Much of the recent hype in the consumer electronics industry has been focused on new form factors for technology. Smaller and more efficient electronic components are allowing us to integrate and combine computers with everyday tools that we have been using for decades. Items such as thermostats, door locks, glasses, phones, cars, watches, shoes, gloves and backpacks are all adding connected “smart” members to their ranks or are being largely improved by adding technological features. A few of these items are quickly becoming mainstream, texting gloves are being sold at major outlets, Nike has been integrating sensors into most of its athletic shoes and large car manufacturers are adding options for in-car WiFi and tablet integration to many car models, but some categories are still in the need of innovation until the products within are accepted by mainstream consumers. One device in particular seems to be trying to catch a lot of attention, and that it the smart watch.
What exactly is a smart watch? A smart watch is just like a normal watch, it sits on your wrist and serves as a tool to tell time, but the difference between “smart” watches and normal watches is what they are capable of beyond that. In theory, a smart watch is a connected device that can be easily and acceptably worn on your wrist for extended periods of time (read: all day) with the purpose of providing functionality such as notifications, time and date, music playback, voice dictation and control, image viewing, run tracking, directions, alarms, contacts, texting, calling and maybe even a micro-version of angry birds! Essentially, the smart watch extends upon all of the functions of your smartphone and moves them into a more wrist friendly form factor.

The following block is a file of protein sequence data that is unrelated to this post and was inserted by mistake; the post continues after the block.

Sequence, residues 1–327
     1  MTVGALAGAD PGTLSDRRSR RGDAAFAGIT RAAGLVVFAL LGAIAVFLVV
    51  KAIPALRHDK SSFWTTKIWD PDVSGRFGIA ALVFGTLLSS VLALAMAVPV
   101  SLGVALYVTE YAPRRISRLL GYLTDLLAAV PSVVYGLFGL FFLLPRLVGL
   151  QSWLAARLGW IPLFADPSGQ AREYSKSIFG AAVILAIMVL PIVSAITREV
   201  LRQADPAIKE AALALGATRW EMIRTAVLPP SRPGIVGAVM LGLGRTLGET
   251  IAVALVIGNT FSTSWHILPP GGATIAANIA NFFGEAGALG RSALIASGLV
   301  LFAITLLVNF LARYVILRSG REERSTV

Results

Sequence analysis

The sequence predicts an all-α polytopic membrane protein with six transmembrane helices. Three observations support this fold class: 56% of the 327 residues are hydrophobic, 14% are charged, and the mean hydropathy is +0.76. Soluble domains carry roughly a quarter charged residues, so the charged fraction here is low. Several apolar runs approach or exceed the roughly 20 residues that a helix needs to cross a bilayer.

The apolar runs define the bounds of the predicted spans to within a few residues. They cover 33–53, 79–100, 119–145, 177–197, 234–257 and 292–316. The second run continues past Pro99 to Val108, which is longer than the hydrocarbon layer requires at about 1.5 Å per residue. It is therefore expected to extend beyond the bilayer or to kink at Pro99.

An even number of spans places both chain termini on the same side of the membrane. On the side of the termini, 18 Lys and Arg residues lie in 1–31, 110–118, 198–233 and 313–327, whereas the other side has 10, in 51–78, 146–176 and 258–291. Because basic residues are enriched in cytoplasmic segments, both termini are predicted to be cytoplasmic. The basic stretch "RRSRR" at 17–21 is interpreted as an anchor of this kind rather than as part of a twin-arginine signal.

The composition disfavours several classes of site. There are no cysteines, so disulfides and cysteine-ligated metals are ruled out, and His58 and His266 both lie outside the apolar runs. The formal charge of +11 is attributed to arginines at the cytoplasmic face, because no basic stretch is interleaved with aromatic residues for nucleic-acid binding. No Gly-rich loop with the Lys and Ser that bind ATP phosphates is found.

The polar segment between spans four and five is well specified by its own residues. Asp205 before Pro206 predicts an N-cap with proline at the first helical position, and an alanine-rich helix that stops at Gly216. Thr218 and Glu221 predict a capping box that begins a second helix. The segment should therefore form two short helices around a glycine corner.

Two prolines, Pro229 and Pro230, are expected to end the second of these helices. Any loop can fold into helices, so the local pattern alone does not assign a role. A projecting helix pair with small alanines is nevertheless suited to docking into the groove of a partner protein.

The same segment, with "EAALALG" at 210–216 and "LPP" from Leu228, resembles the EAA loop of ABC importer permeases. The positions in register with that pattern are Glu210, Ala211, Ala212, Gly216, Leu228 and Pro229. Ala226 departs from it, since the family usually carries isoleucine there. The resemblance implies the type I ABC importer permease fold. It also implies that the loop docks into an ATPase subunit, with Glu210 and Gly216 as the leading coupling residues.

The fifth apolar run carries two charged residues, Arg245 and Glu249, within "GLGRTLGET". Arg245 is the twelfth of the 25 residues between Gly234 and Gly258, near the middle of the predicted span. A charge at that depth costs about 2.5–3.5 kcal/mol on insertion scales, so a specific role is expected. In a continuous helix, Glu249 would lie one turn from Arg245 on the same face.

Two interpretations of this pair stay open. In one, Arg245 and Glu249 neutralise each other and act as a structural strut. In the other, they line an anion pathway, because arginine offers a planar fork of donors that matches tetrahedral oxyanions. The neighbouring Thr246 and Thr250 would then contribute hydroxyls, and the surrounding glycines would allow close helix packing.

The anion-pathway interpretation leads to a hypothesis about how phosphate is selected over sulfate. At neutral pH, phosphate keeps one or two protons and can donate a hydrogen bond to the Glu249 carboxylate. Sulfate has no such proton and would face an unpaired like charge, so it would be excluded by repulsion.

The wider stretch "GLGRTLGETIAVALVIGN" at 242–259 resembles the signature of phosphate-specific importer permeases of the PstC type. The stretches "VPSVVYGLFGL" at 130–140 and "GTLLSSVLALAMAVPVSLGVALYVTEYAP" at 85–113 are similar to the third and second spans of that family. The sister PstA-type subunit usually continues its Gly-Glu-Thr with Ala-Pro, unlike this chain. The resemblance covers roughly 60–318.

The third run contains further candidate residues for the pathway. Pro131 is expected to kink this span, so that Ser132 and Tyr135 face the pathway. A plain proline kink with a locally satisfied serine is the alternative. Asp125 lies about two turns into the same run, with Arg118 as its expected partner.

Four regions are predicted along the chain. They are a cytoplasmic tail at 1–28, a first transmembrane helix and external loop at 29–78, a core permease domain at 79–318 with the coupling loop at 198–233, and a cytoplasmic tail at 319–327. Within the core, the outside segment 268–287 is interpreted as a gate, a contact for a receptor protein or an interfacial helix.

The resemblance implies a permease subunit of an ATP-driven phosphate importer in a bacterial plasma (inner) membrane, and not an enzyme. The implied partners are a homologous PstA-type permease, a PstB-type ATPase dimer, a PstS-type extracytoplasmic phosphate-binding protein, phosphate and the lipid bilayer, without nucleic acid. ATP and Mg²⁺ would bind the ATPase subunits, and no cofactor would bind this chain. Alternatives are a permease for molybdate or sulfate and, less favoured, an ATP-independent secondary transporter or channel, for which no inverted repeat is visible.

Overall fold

The market seems to have an interest for a smart watch, the success of devices like the Pebble and the Nike fuel band give me the impression that a smart watch that provides full and ideal functionality would be immensely popular! Some tech watchers were disappointed when Apple did not unveil the oft-rumored Apple iWatch at WWDC this year, despite Tim Cooks statement that Apple will be revealing “new and innovative” products this fall. Some manufacturers have already attempted to crack the smart watch enigma, Sony has been selling its android compatible Sony SmartWatch for quite some time without much success (you can find it’s official landing page here) and others have attempted as well, all without creating a device that breaks into the mindshare and wallet of the everyday man.
To win the smart watch game, a manufacturer simply must create a no compromise device. It needs to be easy to use, feature packed, relatively powerful and well made if it intends on capturing the hearts of the general user and the tech lover alike. It’s got to be slim and comfortable to wear all day (with the battery to last all day!) and it should be iOS and Android compatible at the very least.
Many tech enthusiast, myself included, would enjoy a smart watch because it is unique and almost futuristic to a degree, but that is much more than can be said of the average American. The average user doesn’t have much need for a smart watch, to many it is just a redundant piece of technology that doesn’t offer anything more to them than the smartphone they already own. I don’t believe that a peripheral device can achieve high market success unless it provides something absolutely essential to the user, and no variation of the smart watch has so far. It’s safe to assume that I’ll buy one, and I can assume that you might buy one, but unless one of these devices comes along and absolutely stuns the world with its revolutionary features, don’t expect everyone to have one. I personally compare it to Google Glass, it’s really revolutionary, it looks cool and it’s absolutely pushing the boundaries of human and computer interaction, but not everyone will be using it for quite some time unless something awesome happens.
Image Source: Sony SmartWatch